**Prerequisites**

Familiarity with basic linear algebra, probability theory, discrete math, algorithms, all at the level of a first Bachelor's course. Also general mathematical maturity: knowing how to write down a proof properly and completely.

**Aim of the course**

Today's computers---both in theory (Turing machines) and practice (PCs and smart phones)---are based on classical physics. However, modern quantum physics tells us that the world behaves quite differently. A quantum system can be in a superposition of many different states at the same time, and can exhibit interference effects during the course of its evolution. Moreover, spatially separated quantum systems may be entangled with each other and operations may have ``non-local'' effects because of this. Quantum computation is the field that investigates the computational power and other properties of computers based on quantum-mechanical principles. Its main building block is the qubit which, unlike classical bits, can take both values 0 and 1 at the same time, and hence affords a certain kind of parallelism. The laws of quantum mechanics constrain how we can perform computational operations on these qubits, and thus determine how efficiently we can solve a certain computational problem. Quantum computers generalize classical ones and hence are at least as efficient. However, the real aim is to find computational problems where a quantum computer is much more efficient than classical computers. For example, Peter Shor in 1994 found a quantum algorithm that can efficiently factor large integers into their prime factors. This problem is generally believed to take exponential time on even the best classical computers, and its assumed hardness forms the basis of much of modern cryptography (particularly the widespread RSA system). Shor's algorithm breaks all such cryptography. A second important quantum algorithm is Grover's search algorithm, which searches through an unordered search space quadratically faster than is possible classically. In addition to such algorithms, there is a plethora of other applications: quantum cryptography, quantum communication, simulation of physical systems, and many others. The course is taught from a mathematical and theoretical computer science perspective, but should be accessible for physicists as well.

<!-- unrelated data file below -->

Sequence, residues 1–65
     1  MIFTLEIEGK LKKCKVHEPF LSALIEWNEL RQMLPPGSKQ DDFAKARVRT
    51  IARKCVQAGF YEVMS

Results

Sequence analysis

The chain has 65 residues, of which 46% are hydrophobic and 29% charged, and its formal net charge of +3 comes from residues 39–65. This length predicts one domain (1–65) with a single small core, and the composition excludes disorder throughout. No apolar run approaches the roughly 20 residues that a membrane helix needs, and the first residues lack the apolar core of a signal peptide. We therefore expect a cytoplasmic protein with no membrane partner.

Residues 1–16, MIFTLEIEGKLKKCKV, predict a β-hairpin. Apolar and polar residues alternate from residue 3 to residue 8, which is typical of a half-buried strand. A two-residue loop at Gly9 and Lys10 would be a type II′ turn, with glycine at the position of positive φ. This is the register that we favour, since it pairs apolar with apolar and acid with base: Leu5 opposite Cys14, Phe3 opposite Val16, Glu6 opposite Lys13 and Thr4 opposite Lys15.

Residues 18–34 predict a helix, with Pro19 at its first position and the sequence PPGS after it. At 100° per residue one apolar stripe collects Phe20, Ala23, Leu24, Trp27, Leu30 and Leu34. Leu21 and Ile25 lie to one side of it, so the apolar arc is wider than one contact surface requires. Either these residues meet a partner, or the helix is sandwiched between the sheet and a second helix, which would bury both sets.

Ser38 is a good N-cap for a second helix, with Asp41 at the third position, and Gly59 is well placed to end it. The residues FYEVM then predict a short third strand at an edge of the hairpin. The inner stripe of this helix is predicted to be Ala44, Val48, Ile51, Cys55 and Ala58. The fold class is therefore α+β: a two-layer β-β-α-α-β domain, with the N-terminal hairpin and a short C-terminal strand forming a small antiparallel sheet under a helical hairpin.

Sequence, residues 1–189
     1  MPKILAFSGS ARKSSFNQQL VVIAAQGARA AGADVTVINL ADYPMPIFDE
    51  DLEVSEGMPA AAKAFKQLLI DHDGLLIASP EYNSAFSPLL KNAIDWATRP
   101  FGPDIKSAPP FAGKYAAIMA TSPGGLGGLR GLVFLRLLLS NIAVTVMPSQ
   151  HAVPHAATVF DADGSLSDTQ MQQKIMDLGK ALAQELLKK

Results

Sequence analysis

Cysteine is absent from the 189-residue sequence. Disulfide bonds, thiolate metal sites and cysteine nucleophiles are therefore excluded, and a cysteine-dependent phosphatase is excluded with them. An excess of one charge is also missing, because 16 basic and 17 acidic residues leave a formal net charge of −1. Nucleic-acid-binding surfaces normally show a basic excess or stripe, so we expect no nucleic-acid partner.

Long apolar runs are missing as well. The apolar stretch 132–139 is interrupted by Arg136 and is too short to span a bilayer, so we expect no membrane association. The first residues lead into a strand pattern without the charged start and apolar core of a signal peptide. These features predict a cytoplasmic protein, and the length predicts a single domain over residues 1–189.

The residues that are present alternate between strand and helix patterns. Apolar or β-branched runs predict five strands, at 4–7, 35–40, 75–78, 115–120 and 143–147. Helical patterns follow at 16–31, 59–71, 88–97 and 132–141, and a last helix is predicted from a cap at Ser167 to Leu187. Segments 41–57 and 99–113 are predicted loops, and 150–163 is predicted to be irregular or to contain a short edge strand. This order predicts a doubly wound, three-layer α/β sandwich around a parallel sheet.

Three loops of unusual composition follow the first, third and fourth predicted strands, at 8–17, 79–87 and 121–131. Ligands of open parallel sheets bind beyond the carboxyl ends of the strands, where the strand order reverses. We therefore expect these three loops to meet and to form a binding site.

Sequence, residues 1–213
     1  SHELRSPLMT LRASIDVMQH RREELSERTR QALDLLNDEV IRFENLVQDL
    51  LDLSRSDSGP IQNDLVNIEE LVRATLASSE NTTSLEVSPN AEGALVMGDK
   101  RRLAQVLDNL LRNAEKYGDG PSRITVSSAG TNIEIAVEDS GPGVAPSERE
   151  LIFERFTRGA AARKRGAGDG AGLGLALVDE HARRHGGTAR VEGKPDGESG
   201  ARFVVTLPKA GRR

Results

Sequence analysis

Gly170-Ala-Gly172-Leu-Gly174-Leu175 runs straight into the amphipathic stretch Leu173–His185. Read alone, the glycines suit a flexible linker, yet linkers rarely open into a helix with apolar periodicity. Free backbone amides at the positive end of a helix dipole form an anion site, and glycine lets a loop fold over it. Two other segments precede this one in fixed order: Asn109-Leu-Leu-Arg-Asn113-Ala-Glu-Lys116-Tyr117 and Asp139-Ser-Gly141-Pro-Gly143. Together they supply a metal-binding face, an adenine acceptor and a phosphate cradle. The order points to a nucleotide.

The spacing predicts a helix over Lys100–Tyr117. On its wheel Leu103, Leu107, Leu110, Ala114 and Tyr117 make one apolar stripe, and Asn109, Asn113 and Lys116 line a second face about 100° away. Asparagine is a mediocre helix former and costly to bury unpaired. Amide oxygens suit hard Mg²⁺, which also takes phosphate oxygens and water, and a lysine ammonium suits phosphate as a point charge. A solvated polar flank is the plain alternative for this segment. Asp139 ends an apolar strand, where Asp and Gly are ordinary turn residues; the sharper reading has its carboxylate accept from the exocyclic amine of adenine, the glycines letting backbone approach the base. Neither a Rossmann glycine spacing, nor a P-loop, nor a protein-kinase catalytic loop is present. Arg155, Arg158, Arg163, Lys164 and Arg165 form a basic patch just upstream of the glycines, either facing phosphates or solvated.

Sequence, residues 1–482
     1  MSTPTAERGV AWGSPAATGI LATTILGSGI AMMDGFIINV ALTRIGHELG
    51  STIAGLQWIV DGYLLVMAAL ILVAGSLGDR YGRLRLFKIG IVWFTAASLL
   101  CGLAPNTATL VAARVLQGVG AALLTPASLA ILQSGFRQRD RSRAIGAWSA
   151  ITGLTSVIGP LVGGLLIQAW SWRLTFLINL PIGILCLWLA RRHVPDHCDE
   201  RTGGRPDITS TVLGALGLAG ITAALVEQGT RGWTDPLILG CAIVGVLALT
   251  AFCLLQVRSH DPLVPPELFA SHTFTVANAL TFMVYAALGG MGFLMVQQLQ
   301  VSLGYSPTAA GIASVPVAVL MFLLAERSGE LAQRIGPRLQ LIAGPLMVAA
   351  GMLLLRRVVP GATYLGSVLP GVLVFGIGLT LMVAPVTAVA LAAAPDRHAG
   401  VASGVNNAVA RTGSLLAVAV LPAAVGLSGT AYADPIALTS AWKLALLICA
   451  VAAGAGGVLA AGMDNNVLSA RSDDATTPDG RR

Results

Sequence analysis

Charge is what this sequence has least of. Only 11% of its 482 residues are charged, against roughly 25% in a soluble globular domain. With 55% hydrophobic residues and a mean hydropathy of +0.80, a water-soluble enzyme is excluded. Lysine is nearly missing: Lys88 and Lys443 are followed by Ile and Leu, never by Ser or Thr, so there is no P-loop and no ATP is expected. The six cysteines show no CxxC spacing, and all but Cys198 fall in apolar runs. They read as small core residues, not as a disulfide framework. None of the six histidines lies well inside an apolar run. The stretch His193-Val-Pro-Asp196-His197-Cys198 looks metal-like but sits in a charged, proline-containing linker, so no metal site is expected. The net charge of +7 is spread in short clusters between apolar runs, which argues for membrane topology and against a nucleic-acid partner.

**Lecturers**

Ronald de Wolf (CWI and ILLC)

TA: Lynn Engelberts, Daan Schoneveld, and Quinten Tupker (CWI/UvA)

**Video recordings**

This year's lecture won't be recorded because Mastermath has only a limited number of cameras available. Instead, for the first 14 lectures you can watch the video's from the 2022 version of this course, which are at

https://vimeo.com/showcase/9241142 with password 98rT

For the 15th lecture (quantum error-correction) unfortunately there's no old video available.

**Rules about Homework/Exam**

Your final grade will be determined 40% by homework and 60% by a final 3-hour exam in June (with the possibility of a re-sit of the exam a few weeks later). It's a general rule of Mastermath courses that you need an exam grade of at least 5.0 and a final grade of at least 5.5 to pass the course. Also, the final grade will be rounded to the nearest integer.

There will be 7 homework sets. You can write down your solutions, scan them (for instance using an app on your phone), and upload them as one pdf file on the ELO website before the deadline via the "Homework" assignments that I will set up there. Your homework grade will be determined by the best 6 of your 7 homework grades, so no big problem if you mess up or skip 1 of the homeworks. This also covers cases where you might not be able to hand in a particular homework set on time for whatever reason, so please don't ask me for permission to submit late.

Homework still counts as part of the grade after retake

**Lecture Notes/Literature**

https://homepages.cwi.nl/~rdewolf/qc24.html

- Docent: Ronald de Wolf